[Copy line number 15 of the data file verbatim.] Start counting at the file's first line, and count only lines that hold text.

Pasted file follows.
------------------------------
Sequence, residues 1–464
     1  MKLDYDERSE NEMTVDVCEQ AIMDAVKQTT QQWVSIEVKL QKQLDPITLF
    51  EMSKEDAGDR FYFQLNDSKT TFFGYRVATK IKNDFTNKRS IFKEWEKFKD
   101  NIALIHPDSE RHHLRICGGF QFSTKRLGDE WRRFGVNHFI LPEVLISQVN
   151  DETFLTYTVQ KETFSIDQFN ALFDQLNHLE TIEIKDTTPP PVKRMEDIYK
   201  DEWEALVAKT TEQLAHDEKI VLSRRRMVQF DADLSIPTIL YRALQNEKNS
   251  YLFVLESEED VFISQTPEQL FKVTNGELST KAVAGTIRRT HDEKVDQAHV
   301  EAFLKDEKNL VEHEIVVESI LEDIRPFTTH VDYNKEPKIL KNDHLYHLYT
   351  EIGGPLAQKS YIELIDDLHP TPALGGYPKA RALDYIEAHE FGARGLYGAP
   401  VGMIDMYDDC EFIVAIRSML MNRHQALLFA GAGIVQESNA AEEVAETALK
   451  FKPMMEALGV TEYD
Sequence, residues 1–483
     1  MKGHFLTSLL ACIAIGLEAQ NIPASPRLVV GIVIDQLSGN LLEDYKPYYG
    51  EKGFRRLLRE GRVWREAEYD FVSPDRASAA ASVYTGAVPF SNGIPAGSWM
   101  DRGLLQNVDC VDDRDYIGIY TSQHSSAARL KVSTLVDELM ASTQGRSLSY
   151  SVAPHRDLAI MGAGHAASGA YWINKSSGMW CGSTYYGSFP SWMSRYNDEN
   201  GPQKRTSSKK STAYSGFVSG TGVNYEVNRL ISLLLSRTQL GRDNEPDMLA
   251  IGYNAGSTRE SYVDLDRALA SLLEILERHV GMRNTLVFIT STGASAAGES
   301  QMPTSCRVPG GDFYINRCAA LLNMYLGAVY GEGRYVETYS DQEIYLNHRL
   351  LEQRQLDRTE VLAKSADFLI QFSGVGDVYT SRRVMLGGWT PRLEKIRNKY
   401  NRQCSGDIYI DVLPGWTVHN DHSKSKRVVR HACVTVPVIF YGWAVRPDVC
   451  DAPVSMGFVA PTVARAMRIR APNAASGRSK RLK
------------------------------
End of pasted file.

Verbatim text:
   101  DRGLLQNVDC VDDRDYIGIY TSQHSSAARL KVSTLVDELM ASTQGRSLSY